Step into an office and you won’t see them, but the robots are there, carrying out administrative tasks much faster than any human ever could. These are not robots in the physical sense – they are software bots, existing only in the digital domain. And for companies that implement them correctly, the rewards can be plentiful. Get it wrong and you could have a hefty bill on your hands.

But first, what is robotic process automation? In short, RPA is automation software that mimics human-computer interactions.

These computer programs are designed to carry out repetitive, rules-based tasks that would normally be performed by a human employee: think data entry, document management and invoice management.

The goal of these bots is to improve accuracy, increase productivity and lower operating costs.

With benefits like that, it’s no surprise that the RPA market is expected to be worth $3.97bn by 2025, according to a 2018 Grand View Research study.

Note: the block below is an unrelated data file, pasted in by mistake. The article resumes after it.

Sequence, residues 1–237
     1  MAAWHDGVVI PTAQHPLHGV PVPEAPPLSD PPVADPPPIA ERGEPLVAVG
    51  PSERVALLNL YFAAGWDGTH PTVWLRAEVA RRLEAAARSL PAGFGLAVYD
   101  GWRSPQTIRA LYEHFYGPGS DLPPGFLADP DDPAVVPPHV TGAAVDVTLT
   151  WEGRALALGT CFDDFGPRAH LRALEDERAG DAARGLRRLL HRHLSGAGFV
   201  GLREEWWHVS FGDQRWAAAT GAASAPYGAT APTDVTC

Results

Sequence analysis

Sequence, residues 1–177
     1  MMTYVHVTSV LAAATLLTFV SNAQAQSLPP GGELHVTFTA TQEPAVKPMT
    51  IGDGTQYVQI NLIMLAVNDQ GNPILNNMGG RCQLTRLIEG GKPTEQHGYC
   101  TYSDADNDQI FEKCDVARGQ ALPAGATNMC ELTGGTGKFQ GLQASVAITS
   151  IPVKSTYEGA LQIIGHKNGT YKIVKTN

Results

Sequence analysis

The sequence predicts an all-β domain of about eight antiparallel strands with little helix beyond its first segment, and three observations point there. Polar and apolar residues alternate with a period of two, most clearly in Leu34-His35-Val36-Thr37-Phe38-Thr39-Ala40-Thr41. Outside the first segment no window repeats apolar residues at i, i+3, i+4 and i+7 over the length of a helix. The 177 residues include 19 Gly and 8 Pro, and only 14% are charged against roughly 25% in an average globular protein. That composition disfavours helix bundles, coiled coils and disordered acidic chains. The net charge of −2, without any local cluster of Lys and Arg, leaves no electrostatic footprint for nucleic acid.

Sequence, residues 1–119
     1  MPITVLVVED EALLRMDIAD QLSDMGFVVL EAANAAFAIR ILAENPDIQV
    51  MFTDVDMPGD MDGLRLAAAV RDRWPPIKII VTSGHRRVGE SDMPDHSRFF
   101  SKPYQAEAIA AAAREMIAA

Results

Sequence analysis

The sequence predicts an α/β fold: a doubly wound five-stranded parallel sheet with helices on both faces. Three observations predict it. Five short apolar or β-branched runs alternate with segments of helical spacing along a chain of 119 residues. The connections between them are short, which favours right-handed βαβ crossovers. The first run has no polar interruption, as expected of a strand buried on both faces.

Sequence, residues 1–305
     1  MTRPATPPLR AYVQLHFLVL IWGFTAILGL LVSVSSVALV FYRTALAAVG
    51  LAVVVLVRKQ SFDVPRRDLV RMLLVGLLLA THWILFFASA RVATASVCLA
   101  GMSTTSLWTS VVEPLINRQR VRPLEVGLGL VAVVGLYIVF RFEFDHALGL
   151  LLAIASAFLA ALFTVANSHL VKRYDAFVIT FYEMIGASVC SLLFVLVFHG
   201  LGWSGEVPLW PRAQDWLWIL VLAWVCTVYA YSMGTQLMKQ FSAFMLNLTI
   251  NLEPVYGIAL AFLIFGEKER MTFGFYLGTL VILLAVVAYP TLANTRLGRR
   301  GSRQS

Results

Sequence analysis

After all, software cannot tire. This means that unattended automation bots can be left running 24/7, 365 days a year. Barring a programming error (by a human), software doesn’t mess up where a human might make a mistake.

And lowering operating costs does not necessarily mean laying off staff. James Dening, VP Europe at Automation Anywhere, a SoftBank-backed RPA vendor, says that most companies he works with aren’t looking to reduce headcount – they are looking to “take the robot out of the human”.

With numerous studies showing that office workers are spending countless hours per week on repetitive, manual tasks – one study puts the global cost of this at $5tn – RPA offers an opportunity for employees to focus more on doing what robots can’t: being creative.